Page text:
During the first two-and-a-half minutes of flight, the first stage booster
powers the vehicle to an altitude of about 200,000 feet and a speed of Mach 6.1.
After its propellant is spent, the reusable booster separates and the upper
stage’s J-2X engine ignites and powers the crew vehicle to an altitude of about
63 miles. Then, the upper stage separates and Orion’s service module propulsion
system completes the trip to a circular orbit 185 miles above Earth.
Once in orbit, the crew vehicle and its service module will rendezvous and dock
either with the space station or with a lunar lander and Earth Departure Stage
that will send the astronauts on their way to the
The first launch of Ares I is foreseen for 2012. It will be followed by two
unmanned flights of the Orion Spacecraft. The first manned flight to the
International Space Station is foreseen no later than 2014. The first lunar
excursion is scheduled for the 2020 timeframe.
Length: 93 m (309 ft)
Gross Lift-off weight: 900 t (2 million lbs.)
Payload Weight: 25 metric tons (55,000 lb)
Ares I First Stage
The Ares I first stage is a single, five-segment reusable solid rocket booster (SRB)
derived from the Space Shuttle Program's reusable solid rocket motor, which
burns a specially formulated and shaped solid propellant called polybutadiene
acrylonitrile (PBAN). The SRB is similar to those used on the
but with a fifth motor segment added. ATK Thiokol is the prime contractor for
the Ares I first stage.
The first stage is slightly longer version of the space shuttle’s
pencil-shaped solid rocket booster.
Initial test flight known as Ares I-1, may occur in 2009. The test
flight will use a simulated fifth segment on the first stage motor and a
simulated upper stage.
A newly designed forward adapter will mate the vehicle's first stage to the
upper stage and will be equipped with booster separation motors to disconnect
the stages during ascent.
Ares I Upper Stage
The Ares I upper stage (second stage) is propelled by a J-2X main engine fuelled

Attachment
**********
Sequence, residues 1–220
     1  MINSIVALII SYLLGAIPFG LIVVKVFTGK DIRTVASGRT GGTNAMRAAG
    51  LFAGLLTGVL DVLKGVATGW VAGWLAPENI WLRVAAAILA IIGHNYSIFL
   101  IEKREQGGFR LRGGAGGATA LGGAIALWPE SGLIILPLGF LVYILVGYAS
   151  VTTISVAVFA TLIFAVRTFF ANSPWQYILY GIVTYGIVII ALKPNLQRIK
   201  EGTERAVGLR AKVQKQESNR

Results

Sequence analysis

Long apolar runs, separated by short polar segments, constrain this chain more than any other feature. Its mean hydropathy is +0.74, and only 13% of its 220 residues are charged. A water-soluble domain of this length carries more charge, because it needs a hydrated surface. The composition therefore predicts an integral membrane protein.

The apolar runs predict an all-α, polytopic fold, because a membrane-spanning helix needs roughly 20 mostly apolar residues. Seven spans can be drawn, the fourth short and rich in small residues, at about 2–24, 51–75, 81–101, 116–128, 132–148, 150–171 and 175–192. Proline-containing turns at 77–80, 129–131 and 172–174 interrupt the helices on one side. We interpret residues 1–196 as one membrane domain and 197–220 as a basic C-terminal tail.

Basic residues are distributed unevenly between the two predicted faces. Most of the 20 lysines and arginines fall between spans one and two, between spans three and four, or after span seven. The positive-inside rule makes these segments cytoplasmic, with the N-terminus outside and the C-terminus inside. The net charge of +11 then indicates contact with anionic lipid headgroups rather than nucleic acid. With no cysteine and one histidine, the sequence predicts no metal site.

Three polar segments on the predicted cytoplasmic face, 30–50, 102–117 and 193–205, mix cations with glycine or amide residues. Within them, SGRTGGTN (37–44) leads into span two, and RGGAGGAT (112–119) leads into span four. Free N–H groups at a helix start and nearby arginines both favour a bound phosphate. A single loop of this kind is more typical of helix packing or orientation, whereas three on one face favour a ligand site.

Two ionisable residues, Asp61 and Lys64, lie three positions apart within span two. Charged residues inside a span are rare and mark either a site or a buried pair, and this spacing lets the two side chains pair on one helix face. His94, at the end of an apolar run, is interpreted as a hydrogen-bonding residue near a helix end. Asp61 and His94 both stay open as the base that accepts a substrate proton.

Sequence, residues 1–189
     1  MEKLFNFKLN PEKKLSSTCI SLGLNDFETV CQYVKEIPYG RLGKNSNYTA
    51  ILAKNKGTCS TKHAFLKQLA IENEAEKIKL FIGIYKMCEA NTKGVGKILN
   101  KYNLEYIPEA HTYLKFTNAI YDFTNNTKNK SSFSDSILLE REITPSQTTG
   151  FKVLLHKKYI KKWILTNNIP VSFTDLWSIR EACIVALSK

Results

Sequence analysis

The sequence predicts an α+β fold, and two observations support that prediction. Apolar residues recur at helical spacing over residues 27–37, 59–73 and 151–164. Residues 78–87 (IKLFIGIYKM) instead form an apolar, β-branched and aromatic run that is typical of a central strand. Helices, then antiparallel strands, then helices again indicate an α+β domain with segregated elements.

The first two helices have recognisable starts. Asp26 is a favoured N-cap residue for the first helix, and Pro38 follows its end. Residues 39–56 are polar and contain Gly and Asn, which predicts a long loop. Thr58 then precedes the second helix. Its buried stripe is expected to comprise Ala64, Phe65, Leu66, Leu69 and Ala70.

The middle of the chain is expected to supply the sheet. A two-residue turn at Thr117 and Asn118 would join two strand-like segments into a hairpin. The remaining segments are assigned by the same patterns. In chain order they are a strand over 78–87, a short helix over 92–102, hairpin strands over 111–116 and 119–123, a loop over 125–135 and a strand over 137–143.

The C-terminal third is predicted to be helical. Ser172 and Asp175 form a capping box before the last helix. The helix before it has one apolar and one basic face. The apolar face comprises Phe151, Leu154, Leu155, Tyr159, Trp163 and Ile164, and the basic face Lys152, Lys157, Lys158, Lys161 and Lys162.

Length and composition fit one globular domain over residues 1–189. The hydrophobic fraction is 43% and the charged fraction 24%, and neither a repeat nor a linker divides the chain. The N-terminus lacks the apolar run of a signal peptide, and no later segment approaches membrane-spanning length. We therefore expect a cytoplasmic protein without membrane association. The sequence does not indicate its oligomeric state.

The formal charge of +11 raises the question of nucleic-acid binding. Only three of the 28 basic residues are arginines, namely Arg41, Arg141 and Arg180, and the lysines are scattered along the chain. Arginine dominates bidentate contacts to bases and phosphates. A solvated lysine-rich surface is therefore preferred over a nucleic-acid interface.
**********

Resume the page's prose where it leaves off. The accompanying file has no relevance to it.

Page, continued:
with liquid oxygen and liquid hydrogen. The J-2X is an evolved variation of two
historic predecessors: the powerful J-2 engine that propelled the Apollo-era
Saturn IB and Saturn V rockets, and the J-2S, a simplified version of the J-2
developed and tested in the early 1970s but never flown.
Rocketdyne, a division of Pratt & Whitney, will be the main subcontractor for
the J2X rocket engine. Testing of the engine is currently underway at a facility
north of Huntsville, Alabama.
Pad Abort Tests
Pad abort tests and high altitude tests with a Little
Joe II-type system are foreseen from White Sands. They are foreseen
for the early 2009 timeframe.
* Originally, Ares I would have used a 4-segment Solid Rocket Booster (SRB)
for the first stage, with a simplified Space Shuttle Main Engine (SSME) being
used for the second stage; an unmanned version using a five-segment SRB first
stage like that planned for the unmanned Ares V would also have been
constructed. Because of a reduction in size of the Orion spacecraft as proposed,
a decision was made in 2006 by NASA to construct a five-segment booster for both
the Ares I and Ares V.
In addition to the redesign of the Ares I first stage, the possible problems and
expense of converting the reusable, ground-started SSME to a throwaway air-startable
engine led NASA to revise the booster's upper-stage design around the J2X rocket
motor. The J2X is a simpler and more rugged motor designed to be started in both
the air and in vacuum and its projected cost ($20-25 million USD) is less than
half that of the complex SSME ($55 million USD).
* The name Ares I was officially announced on June 30, 2006.
Formerly, the Ares I Rocket was called Crew Launch Vehicle.
Ares I Team and Partners
The Ares I effort and associated element project teams
are led by the Exploration Launch Projects Office at Marshall, on
behalf of the Constellation Program, hosted by NASA’s Johnson Space
Center, Houston and NASA’s Exploration Systems Mission Directorate
Participating NASA facilities include:
1. Johnson Space Center - responsible for the Orion and
flight operations projects
2. Stennis Space Center near Bay St. Louis, Missouri - primarily
responsible for J-2X and stage testing
3. Glenn Research Center’s Plum Brook Station in Sandusky, Ohio -
responsible for vacuum chamber testing of the J-2X upper stage
engine, developing the ascent development flight test upper stage
mass simulator and upper stage power, thrust vector control and
4. Langley Research Center in Hampton, Virginia - responsible for
aerodynamic characterization, ascent development flight test vehicle
integration and Orion mass simulator development and support to
flight mechanics and structure development
5. Ames Research Center in Sunnyvale, California - responsible
for integrated health monitoring, blast modeling and reliability
6. Michoud Assembly Facility in New Orleans - assemble the upper
7. Kennedy Space Center, Florida - home to all Constellation launch
operations and associated ground activities.